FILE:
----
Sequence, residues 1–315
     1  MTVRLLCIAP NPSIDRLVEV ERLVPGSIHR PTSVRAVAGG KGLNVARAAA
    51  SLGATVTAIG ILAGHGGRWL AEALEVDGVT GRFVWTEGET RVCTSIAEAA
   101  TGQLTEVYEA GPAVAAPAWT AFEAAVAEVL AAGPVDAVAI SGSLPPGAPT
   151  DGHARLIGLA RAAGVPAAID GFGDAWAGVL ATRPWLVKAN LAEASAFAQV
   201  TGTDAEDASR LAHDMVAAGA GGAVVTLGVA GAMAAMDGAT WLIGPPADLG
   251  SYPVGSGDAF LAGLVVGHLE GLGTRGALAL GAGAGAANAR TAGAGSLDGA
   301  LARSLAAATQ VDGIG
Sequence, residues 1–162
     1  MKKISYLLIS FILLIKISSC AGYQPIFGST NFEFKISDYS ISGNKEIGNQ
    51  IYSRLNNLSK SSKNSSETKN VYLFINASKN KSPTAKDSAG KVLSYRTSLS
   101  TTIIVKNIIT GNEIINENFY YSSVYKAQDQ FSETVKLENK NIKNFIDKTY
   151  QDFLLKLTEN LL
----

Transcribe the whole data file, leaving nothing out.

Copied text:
Sequence, residues 1–315
     1  MTVRLLCIAP NPSIDRLVEV ERLVPGSIHR PTSVRAVAGG KGLNVARAAA
    51  SLGATVTAIG ILAGHGGRWL AEALEVDGVT GRFVWTEGET RVCTSIAEAA
   101  TGQLTEVYEA GPAVAAPAWT AFEAAVAEVL AAGPVDAVAI SGSLPPGAPT
   151  DGHARLIGLA RAAGVPAAID GFGDAWAGVL ATRPWLVKAN LAEASAFAQV
   201  TGTDAEDASR LAHDMVAAGA GGAVVTLGVA GAMAAMDGAT WLIGPPADLG
   251  SYPVGSGDAF LAGLVVGHLE GLGTRGALAL GAGAGAANAR TAGAGSLDGA
   301  LARSLAAATQ VDGIG
Sequence, residues 1–162
     1  MKKISYLLIS FILLIKISSC AGYQPIFGST NFEFKISDYS ISGNKEIGNQ
    51  IYSRLNNLSK SSKNSSETKN VYLFINASKN KSPTAKDSAG KVLSYRTSLS
   101  TTIIVKNIIT GNEIINENFY YSSVYKAQDQ FSETVKLENK NIKNFIDKTY
   151  QDFLLKLTEN LL